The main reason you sand wood before applying a finish is to remove machine marks. All machine tools leave cuts or impressions in wood that are highlighted by stains and finishes, especially by stains. Before machine tools appeared in the mid-nineteenth century no sanding was needed. Indeed, there was no sandpaper. Wood was smoothed with hand planes and scrapers.
You can still use hand planes and scrapers so you don’t have to use sandpaper. You can hand plane or scrape the wood straight from the saw, or you can begin the smoothing with a planer and then finish off with a hand plane or scraper. You can also use molding planes and scratch stocks to shape wood rather than routers and shapers.
Few woodworkers choose this route because machine tools are much faster and easier to learn to use than hand tools.
This is an important mental point. It makes sanding less burdensome when you remind yourself that you don’t have to do it. It’s just the price you pay for the increased efficiency of substituting machine tools for hand tools.
How to Sand
The trick to efficient sanding is to begin with a sandpaper grit that cuts through machine marks and other problems in the wood with the least amount of effort and without creating larger-than-necessary scratches that then must be sanded out. This holds true whether you are sanding by hand or using a sanding machine.
When you have removed all the machine marks with the coarsest grit you choose, sand out the scratches left by this sandpaper using increasingly finer-grit sandpapers until you reach the sanding grit that produces the size scratches you want.
As an aid to determining when you have sanded out all the machine marks, draw some marks on the wood using a no. 2 pencil and sand until no evidence of these marks remain. To be extra sure you have sanded enough, do it again.
In practice, the best grit to start with is usually #80 or #100 grit. But, if the problems in the wood are so severe that #80 grit doesn’t remove them quickly, drop back to a grit that does.
If the problems can be removed with a finer-grit sandpaper, such as #120 grit or #150 grit, you are wasting time and energy if you begin sanding with a coarser-grit sandpaper. Rarely do you need to begin sanding with coarser than #120 grit. If you’re refinishing, you can usually sand with just #180 grit to be sure you’ve removed all the previous finish.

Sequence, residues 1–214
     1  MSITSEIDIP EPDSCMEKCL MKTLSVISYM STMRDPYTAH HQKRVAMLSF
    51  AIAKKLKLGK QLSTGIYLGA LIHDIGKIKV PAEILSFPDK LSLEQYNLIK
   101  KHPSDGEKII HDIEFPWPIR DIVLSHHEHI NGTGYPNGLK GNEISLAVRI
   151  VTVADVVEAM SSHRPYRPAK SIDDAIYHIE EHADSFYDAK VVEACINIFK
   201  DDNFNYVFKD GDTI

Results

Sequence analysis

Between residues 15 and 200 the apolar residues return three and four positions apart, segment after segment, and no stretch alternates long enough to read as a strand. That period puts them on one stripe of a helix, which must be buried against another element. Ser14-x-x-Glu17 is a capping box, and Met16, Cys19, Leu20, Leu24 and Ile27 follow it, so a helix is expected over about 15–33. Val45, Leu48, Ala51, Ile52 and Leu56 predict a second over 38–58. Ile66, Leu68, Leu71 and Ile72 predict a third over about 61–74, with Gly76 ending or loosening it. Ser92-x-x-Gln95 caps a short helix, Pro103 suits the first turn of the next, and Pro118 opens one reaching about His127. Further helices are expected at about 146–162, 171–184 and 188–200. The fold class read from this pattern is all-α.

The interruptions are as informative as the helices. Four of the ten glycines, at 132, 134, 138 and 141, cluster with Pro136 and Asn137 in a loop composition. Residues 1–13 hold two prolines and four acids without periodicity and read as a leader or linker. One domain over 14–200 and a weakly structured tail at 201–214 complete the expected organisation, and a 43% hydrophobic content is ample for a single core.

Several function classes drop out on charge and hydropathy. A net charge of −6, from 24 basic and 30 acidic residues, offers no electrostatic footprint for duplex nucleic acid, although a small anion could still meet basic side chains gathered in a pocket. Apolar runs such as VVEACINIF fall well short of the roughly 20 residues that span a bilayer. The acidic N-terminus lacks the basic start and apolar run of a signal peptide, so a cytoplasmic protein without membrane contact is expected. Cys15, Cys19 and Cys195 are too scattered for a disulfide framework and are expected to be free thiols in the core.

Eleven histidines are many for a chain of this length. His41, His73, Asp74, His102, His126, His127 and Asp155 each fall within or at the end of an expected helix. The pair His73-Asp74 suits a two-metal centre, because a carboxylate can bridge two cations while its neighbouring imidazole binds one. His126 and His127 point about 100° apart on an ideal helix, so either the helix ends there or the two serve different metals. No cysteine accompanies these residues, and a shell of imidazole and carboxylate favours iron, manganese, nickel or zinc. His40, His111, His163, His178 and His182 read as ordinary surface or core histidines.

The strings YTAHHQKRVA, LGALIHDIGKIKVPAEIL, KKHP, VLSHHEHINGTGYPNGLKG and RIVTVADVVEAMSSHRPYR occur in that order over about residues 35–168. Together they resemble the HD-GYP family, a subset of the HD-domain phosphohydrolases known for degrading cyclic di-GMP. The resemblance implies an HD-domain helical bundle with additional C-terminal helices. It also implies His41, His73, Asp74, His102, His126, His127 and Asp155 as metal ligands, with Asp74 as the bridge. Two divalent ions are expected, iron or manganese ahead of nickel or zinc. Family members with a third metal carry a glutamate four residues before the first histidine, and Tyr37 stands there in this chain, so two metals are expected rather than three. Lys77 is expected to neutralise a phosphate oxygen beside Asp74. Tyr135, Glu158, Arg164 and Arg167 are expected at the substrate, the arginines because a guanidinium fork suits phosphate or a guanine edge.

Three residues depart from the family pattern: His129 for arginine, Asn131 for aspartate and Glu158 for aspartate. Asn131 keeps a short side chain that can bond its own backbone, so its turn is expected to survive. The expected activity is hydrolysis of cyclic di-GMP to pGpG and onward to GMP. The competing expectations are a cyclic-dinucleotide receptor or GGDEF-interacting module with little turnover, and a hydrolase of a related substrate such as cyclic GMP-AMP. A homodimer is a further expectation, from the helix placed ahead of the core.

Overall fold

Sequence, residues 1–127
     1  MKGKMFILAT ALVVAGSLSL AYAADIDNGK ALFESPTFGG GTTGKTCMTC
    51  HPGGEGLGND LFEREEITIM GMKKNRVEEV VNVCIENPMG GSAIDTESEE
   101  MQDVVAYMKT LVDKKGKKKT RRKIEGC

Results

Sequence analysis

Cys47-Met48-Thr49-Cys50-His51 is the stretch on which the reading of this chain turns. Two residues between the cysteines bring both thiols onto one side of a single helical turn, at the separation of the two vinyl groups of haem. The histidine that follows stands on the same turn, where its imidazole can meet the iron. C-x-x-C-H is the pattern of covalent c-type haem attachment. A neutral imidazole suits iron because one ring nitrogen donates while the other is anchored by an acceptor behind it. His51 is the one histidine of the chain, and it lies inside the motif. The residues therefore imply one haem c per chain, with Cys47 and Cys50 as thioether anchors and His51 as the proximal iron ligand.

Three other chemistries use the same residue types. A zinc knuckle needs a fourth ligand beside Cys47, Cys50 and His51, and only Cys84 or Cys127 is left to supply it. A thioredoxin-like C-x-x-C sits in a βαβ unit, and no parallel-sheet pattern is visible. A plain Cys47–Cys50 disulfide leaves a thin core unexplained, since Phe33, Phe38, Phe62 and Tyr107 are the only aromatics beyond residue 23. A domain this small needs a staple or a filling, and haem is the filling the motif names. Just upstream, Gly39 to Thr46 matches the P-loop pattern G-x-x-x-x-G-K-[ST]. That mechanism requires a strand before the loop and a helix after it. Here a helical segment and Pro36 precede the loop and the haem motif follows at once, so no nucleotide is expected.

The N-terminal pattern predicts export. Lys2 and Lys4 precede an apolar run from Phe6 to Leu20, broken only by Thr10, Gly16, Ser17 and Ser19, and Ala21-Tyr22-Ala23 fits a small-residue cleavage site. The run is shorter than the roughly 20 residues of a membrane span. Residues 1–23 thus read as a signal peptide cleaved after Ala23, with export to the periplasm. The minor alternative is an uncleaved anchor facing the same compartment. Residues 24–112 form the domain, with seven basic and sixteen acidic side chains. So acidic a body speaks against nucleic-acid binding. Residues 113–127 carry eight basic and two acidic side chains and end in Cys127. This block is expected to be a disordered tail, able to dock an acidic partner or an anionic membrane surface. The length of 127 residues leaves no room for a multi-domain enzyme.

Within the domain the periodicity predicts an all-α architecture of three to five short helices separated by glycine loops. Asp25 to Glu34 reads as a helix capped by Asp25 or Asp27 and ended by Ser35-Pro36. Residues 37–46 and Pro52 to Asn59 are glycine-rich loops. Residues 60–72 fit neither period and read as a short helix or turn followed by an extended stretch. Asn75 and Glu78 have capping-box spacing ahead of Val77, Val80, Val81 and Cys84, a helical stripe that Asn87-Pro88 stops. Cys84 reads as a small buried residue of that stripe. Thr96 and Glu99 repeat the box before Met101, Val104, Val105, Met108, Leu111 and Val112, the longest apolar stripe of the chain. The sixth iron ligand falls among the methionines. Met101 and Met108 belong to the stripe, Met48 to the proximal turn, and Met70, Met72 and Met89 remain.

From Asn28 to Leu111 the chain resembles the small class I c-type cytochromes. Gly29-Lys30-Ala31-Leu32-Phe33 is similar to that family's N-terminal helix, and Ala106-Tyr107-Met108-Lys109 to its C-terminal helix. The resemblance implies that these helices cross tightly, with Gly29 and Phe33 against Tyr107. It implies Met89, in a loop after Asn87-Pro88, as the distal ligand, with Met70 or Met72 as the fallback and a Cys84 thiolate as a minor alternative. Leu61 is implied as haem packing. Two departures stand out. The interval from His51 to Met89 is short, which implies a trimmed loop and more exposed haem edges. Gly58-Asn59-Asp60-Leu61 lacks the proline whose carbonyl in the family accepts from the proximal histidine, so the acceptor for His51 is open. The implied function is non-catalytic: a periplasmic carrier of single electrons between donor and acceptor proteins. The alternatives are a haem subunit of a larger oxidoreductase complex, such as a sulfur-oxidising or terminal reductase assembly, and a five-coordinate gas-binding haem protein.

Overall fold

The best grit to end with is usually #180 or #220 grit, though it can be helpful to sand to #320 or #400 grit to reduce grain raising when using water-based finishes. Woodworkers disagree about which grit to sand to. We rarely sand beyond #180 grit.
The primary goal of sanding is to produce a surface that doesn’t show either machine marks or sanding scratches after you apply a stain or finish. If the scratch pattern can be made even, you may achieve satisfactory results sanding only to #150 grit. Stationary sanding machines are best for doing this, though hand sanding will also work, especially if you aren’t applying a stain.
If you could sand just the right amount with each sandpaper grit, it would be most efficient to go through each consecutive grit—#80, #100, #120, #150, #180—and so on. But most of us sand more than necessary with each grit, so you may spend less effort skipping grits. This is especially true when using machine sanding tools.
Sanding is very personal. We apply different pressures, use sandpapers to different degrees of wear, and sand for varying lengths of time. The only way to know for sure that you have sanded enough is to apply a stain and see if any machine marks or sanding scratches show. It is therefore wise to practice on some scrap wood until you get a feel for what works best for you.